Red Planet Day

Time to totally SPACE OUT.


It is another crazy day – rushing to work, running into a meeting, picking up the kids after school, preparing a ‘healthy’ dinner, and hopefully getting to bed at a decent hour before you wake up and have to do it all over again. Often times, we as normal human beings get so caught up in our own lives, we lose sight of the bigger picture and all of the amazing aspects of our world. AND – of our solar system!

Did you know today is Red Planet Day? Don’t worry if you have no idea what we’re talking about – it may be pretty unfamiliar to most. But, each year on November 28th, we are reminded and commemorate the initial launch of Mariner 4 which was the first spacecraft to obtain and transmit close range images of MARS. How cool is that? We forget that the universe is so much more than our stressful days and busy schedules. Take the time to learn more about that mysterious red planet up in the night sky.
Here are a few quick facts about Red Planet Day!
  • The Mariner 4 launched on November 28, 1964 and became the first satellite to take the first up close pictures of any planet other other than Earth.
  • The first successful flyby of Mars allowed the Mariner 4 to return the first pictures of the Martian surface ever to be seen.
  • The satellite did not actually fly by Mars until July 14th and July 15th of 1965. Its closest approach was 9,846 km from the surface on July 15th.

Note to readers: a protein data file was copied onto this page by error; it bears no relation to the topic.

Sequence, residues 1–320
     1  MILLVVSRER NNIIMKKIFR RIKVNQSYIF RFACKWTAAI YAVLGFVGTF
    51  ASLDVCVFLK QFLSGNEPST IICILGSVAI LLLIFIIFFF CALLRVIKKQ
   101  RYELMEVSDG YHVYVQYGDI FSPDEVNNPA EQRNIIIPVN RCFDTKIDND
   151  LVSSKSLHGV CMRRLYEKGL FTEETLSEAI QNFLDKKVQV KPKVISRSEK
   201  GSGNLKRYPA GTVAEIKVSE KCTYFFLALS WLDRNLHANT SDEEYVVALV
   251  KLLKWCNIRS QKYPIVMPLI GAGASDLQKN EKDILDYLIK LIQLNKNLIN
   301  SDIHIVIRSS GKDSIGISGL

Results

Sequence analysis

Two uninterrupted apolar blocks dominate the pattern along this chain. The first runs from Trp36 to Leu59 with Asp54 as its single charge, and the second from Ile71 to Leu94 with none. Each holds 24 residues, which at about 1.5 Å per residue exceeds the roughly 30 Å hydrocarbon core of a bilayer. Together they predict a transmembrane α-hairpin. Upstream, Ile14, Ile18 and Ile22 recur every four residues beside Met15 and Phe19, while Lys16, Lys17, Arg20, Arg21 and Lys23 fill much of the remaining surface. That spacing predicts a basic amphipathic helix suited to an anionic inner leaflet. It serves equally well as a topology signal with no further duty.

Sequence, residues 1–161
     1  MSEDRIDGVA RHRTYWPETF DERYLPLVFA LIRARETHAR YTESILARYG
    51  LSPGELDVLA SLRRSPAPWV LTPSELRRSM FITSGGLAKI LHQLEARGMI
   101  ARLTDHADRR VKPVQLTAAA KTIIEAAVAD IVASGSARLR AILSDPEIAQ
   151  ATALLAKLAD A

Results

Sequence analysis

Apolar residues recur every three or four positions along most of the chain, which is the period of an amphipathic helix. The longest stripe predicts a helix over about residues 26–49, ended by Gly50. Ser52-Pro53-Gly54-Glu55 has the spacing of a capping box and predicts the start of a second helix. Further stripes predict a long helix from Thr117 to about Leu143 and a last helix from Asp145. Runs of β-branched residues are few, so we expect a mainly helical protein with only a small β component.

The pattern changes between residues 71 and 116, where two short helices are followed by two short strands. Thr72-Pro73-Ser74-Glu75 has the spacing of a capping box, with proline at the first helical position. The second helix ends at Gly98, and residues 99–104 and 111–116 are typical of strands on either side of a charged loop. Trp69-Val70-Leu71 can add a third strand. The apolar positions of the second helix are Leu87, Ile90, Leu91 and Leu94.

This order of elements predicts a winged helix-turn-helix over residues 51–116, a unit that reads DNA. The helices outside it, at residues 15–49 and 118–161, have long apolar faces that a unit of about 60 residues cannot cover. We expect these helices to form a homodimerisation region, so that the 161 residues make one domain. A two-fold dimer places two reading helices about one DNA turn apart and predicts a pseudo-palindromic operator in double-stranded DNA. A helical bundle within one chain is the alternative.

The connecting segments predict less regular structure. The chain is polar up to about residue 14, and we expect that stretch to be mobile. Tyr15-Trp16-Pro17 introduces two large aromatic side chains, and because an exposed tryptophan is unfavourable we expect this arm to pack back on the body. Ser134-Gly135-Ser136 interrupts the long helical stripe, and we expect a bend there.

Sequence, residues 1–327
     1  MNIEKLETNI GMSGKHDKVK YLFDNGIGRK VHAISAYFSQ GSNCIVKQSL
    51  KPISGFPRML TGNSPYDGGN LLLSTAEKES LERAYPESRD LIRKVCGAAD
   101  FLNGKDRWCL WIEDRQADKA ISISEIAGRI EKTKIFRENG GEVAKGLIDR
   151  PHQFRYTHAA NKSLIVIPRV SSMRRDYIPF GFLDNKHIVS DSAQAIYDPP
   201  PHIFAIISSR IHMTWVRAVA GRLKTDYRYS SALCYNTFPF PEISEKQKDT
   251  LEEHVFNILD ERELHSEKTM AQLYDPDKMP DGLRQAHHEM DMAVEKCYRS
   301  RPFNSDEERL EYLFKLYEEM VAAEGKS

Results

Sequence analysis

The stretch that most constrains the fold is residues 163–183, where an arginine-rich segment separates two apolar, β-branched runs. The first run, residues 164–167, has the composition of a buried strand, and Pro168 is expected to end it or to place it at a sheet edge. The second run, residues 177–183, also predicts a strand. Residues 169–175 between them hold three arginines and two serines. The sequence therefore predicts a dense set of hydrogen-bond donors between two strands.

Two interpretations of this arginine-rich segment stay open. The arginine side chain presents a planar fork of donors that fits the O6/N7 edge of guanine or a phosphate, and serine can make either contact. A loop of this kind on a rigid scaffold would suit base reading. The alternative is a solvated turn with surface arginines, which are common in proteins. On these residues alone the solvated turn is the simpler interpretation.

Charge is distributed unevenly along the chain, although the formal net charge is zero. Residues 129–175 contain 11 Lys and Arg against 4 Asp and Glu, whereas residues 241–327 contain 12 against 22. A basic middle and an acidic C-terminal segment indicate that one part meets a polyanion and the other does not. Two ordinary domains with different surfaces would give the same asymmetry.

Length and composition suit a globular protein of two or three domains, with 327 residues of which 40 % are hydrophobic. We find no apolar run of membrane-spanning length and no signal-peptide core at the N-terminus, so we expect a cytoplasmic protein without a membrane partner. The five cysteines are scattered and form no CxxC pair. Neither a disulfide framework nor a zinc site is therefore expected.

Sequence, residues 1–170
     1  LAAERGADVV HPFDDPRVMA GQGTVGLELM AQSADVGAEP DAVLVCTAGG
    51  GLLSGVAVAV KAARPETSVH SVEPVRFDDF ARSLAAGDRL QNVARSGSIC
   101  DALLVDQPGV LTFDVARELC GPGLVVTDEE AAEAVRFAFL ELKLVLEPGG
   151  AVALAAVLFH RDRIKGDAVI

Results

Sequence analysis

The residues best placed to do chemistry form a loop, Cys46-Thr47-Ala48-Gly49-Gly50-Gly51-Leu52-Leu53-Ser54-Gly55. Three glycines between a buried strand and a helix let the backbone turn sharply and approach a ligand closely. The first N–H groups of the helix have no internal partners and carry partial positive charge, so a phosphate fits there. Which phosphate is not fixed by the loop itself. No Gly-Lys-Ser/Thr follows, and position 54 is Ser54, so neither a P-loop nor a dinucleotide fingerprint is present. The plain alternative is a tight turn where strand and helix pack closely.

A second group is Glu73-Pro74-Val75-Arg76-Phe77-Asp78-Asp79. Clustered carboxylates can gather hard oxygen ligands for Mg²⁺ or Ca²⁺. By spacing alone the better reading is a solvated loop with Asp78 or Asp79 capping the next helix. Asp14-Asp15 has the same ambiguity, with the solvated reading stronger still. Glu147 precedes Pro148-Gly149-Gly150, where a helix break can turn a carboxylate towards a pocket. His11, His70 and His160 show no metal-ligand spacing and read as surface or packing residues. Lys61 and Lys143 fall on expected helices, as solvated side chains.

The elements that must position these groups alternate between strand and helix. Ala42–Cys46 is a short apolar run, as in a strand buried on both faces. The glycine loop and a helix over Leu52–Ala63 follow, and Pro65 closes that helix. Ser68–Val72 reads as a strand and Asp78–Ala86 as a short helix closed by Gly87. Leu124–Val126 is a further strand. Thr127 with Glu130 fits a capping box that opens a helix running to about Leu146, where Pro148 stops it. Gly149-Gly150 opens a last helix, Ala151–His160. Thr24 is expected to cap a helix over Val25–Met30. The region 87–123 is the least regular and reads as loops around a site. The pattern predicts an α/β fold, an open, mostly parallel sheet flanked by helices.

• It took 4 days to transmit the image information to Earth. The Mariner 4 returned useful data until October 1965. The distance from Earth and its antenna orientation restricted the signal to Earth for a period of time. Data acquisition later resumed late in 1967.
  • On December 21, 1967, communications with the Mariner 4 were terminated.

The first close-up image ever taken of Mars, captured by NASA’s Mariner 4 spacecraft on July 15, 1965. (Credit: NASA)

Thank you Mariner 4 for providing further insight beyond Planet Earth! So what did the photos of Mars reveal? According to NASA’s Jet Propulsion Laboratory, “There were more than 70 clearly distinguishable craters ranging in diameter from 4 to 120 km. It seems likely that smaller craters exist; there also may be still larger craters, since mariner 4 photographed, in all, about one percent of the Martian surface.” Pretty crazy to think about worlds beyond our own. There may be a lot going on down on Earth – but, just imagine what’s happening miles and miles into the sky! Just another reminder to keep everything in perspective.
 Happy Red Planet Day!

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